13 Apr Doctors are not paid enough for their services
There has been a public belief for decades that doctors are among the wealthiest in the country, and that they are overpaid for their services. Those who care to pay attention to the evolution of the health system are also aware that payments for physician services have progressively slashed by insurers.
That being said, the majority of my patients still have a poor understanding about how doctors are paid and the work that goes into being a healthcare provider. I have overheard comments from patients that go along the lines of this:
“These doctors spend less than 10 minutes with me and I get hit with a bill for a few hundred dollars. They have it all good.”
“She always wears such fancy clothes. Docs have so much money.”
“I work just as hard as this doc. Why does she get paid so much more than me?”
While this is just a slice of what I’ve only heard, it is clear that much of this stems of ignorance. I will analyze the topics to clear the air:
1. What you see on your bill is not what your doctor gets to keep. For instance, you may see what your doctor billed your insurance company $300 for your care. In a fee-for-service model, the contracted rate may only be $130. The billing company may then take another 3-5% for its services in helping the doctor collect from the insurance company. If the doctor is unlucky, the insurance company may even deny/reject a claim due to documentation issues and get nothing. After everything is done, the practice collects maybe $125. That amount goes toward paying for the clinic’s utilities, front desk person, technician, computer systems, diagnostic equipment, cleaning services, and all other costs relating to operating the clinic. I’ve seen practices with operational costs in the 90+% range. If your doctor is employed by the practice, another cut may be taken out by the practice owners. Maybe if your doctor is reimbursed more appropriately, then she might actually have more time to spend with you.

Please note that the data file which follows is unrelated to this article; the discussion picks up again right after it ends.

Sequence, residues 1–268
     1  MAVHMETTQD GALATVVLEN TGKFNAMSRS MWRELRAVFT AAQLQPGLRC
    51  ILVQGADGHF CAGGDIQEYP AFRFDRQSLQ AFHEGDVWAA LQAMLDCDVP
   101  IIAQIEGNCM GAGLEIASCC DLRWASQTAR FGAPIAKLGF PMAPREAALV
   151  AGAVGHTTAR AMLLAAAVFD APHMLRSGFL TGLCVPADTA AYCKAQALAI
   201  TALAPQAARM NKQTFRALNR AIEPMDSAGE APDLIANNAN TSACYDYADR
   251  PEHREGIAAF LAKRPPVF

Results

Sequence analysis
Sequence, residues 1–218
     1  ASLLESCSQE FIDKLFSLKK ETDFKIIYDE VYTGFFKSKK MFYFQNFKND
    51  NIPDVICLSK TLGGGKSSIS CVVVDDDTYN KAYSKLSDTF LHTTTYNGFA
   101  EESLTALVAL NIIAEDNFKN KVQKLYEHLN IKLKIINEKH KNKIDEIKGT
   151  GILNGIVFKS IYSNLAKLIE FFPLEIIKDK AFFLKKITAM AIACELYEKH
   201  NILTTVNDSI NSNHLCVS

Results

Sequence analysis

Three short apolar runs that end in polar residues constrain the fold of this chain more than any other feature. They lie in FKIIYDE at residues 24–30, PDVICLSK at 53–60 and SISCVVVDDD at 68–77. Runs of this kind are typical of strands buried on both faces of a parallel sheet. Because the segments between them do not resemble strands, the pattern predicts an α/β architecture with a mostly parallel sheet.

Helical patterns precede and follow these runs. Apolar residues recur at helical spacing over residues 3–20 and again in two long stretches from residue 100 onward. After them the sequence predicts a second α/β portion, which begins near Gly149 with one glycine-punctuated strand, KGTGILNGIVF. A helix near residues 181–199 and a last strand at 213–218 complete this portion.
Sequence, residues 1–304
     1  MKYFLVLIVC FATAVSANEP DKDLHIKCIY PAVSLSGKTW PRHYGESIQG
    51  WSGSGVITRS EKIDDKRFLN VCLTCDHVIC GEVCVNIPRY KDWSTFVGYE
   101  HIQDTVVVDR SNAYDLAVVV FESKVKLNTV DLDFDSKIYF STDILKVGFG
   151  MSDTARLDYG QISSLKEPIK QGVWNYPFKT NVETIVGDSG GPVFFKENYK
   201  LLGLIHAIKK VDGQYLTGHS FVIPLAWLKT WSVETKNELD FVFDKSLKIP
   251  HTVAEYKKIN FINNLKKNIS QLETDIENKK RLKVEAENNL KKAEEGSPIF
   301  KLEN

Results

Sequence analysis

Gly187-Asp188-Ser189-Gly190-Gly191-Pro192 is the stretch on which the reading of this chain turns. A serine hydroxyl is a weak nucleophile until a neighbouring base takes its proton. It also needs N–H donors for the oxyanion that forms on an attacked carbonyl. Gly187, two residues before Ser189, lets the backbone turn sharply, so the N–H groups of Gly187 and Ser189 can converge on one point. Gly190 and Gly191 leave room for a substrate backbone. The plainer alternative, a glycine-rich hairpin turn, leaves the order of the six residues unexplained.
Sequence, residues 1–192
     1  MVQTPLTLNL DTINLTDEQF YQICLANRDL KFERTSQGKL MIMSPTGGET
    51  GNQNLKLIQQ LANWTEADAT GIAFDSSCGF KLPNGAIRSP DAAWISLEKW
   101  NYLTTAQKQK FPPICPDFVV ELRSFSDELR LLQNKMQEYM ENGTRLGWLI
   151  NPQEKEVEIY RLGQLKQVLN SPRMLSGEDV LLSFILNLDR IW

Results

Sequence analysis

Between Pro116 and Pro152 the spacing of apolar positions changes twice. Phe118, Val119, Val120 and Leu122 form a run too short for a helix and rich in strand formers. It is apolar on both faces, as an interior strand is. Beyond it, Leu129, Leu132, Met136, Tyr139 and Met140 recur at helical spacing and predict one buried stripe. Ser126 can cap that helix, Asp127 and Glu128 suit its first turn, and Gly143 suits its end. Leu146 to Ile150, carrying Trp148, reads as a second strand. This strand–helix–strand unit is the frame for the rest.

2. While it is your doctor’s own business what she wears to work, would you consider your doctor to be less competent if she were disheveled and wore dirty clothes? What if the fancy-appearing clothing were actually purchased third-hand at a thrift shop? I have certainly had patients with life-threatening medical conditions who refused to pay the $20 copay but was willing to own fancy iPhones, Ray-Ban sunglasses, bling, or even get $100 massages. Ultimately it all lies in where your priorities are.
3. There are very few good paying occupations that aren’t challenging in some form (physical or mental). As a plumber I can bill for $100 an hour and even include the time it takes me to find a part that I need in the store (and I can charge you for the part). The 30 seconds of medical decision making that a doctor undergoes took many years (a decade) of sacrifices to learn. Even after making that decision, there are still ramifications that has to be considered. It doesn’t end. Obviously there is a price placed on a doctor’s ability. There’s also a fine line to what a doctor is worth. What should be known is that if that value of a doctor is discounted enough, those who are most competent will quit.
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